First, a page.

internet vs economy?

I wonder whether the internet is contributing to the economic collapse by automating more and more people out of work.

From a blog about real estate in my area:

With online tools like Zillow, Redfin, Property Shark, Dataquick, Melissa Data, Realty Trac, Foreclosure Radar and now, Los Angeles Blockshopper, access to coveted “Realtor” information is now at your fingertips. Anyone can now do their own research and be better prepared to enter into transactions. All of these are available in my Real Estate TOOLS/DATA Section. Throw in real estate blogs like Dr.Housing Bubble, Patrick.Net, WestsideBubble, etc., and people have a public forum by which experience and pertinent information can be exchanged.

Exactly how much, do we need realtors today?


Per Hypebot, terrestrial broadcasters have gotten a big rate reduction on webcasting, while web-only casters have no deal at all. I assume this is because terrestrial radio has a big bargaining chip in that record labels want terrestrial radio to pay more royalties.

rates for simulcasts or web channels operated by local radio stations are reduced 16% in 2009 then gradually increase through 2015 – from $0.0015 per streamed sound recording in 2009 to $0.0025 per stream by 2015.

Terrestrial radio already gets higher prices for its advertising than online radio, because it has better penetration in the local markets that the advertisers are trying to reach. So it’s now going to be paying less in royalties at the same time that it’s earning more in advertising.

In related previous news, Yahoo and AOL both killed their homegrown webcasting operations in favor of outsourcing to CBS. One would wonder what’s in it for CBS, given that it should be working with the same impossible economics as Yahoo and AOL, but apparently CBS pays lower royalties than they do.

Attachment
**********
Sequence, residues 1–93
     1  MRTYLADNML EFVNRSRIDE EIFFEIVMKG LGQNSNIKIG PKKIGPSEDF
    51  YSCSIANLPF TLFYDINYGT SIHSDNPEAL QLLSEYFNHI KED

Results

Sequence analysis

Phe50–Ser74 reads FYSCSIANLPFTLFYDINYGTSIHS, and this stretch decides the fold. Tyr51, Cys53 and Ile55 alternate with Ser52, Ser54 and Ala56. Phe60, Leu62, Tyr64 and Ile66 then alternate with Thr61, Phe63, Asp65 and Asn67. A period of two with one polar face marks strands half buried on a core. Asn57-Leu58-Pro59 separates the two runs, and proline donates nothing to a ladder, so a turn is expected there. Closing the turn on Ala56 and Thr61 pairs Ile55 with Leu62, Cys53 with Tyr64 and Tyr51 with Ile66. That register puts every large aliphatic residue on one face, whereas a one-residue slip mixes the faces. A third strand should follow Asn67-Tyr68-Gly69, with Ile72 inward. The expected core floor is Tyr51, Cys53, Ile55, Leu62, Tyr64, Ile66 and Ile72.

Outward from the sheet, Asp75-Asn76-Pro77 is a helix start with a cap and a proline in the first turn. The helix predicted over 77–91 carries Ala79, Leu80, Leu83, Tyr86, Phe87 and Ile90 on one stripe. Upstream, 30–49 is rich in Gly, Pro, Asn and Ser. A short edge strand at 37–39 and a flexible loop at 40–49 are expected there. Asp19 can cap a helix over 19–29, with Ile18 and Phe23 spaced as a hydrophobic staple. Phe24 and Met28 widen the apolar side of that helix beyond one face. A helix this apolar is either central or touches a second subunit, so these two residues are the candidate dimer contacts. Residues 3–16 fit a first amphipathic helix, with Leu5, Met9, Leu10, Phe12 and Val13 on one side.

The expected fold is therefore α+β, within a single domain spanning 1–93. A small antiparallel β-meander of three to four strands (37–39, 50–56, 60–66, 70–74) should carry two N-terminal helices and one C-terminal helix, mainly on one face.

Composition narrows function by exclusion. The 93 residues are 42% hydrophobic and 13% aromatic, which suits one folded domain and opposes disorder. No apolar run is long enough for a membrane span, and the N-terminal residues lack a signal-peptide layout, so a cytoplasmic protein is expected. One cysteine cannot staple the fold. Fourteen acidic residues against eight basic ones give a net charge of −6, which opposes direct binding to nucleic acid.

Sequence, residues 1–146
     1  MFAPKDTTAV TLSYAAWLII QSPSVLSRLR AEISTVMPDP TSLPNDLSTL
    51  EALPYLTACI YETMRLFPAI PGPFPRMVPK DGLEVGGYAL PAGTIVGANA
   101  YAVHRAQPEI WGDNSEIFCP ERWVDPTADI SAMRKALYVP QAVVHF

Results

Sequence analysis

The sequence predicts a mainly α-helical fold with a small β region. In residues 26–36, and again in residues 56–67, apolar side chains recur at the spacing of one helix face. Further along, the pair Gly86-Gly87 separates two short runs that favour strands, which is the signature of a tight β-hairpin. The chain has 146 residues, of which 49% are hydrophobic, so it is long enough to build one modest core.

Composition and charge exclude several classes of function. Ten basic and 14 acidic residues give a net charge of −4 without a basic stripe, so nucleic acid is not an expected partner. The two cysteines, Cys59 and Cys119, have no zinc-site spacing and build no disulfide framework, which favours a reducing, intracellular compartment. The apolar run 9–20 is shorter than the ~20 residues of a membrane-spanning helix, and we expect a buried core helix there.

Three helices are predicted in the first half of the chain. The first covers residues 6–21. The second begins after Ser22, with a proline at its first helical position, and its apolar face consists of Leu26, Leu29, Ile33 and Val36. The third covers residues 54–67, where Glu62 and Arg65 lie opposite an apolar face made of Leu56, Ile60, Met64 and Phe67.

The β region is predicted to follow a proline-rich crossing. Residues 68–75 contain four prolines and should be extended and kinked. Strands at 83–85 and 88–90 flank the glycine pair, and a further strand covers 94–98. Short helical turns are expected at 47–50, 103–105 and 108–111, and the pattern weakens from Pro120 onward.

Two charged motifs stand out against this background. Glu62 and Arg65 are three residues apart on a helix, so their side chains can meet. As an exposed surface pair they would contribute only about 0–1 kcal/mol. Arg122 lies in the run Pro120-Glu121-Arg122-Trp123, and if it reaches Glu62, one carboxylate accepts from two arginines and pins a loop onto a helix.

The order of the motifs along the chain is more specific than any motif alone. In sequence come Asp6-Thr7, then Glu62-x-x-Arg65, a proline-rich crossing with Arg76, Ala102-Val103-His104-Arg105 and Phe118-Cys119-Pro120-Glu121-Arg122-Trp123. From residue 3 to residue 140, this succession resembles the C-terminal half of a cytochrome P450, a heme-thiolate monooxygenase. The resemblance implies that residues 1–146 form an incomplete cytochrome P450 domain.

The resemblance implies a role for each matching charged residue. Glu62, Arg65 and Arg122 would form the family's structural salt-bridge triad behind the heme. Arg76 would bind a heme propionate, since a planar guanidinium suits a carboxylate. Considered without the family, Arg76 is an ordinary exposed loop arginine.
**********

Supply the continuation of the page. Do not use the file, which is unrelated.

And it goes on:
Techies may get a warm feeling from the fact that is a CBS property, so there’s a competitive piece of music software in the mix. CBS is also the major backer of Targetspot, the major broker of webcasting ad inventory. Targetspot bought Ronning Lipset, the major ad sales firm for webcasting ad inventory.

So don’t get all web 2.0 on that shit. It’s not like print publishing and advertising where organizations like the New York Times are crumbling. With online music the old school radio world is making big moves.

Well, ok, it’s not all great news for CBS. I have heard that terrestrial stations are seeing the writing on the wall about the end of their business, though I don’t know enough about their business to be able to judge the truth of it. But let’s say it’s true, and let’s also say that the online picture looks pretty damn good for CBS. The overall picture is of a pre-cloud giant making a very credible move into the cloud.

google in online streaming audio

Google is abandoning its project to sell ads in terrestrial radio, and it’s moving to sell ads in online audio. That makes sense on the face of it, I guess, but most online audio ads are part of a package deal that includes terrestrial radio.

So I don’t totally get it. But still, my hat is off to the googlers for both taking chances and knowing when to retreat.

the web talking portal

Blogarithms » Open to the Public:

The day is finally here. No more excuses. No more alpha or beta. It’s time to open the doors. is ready for prime time and ready for you.

If you’re a regular reader of Blogarithms, you’re probably tired of hearing about, but if you’re a newcomer, here’s a portion of the press release: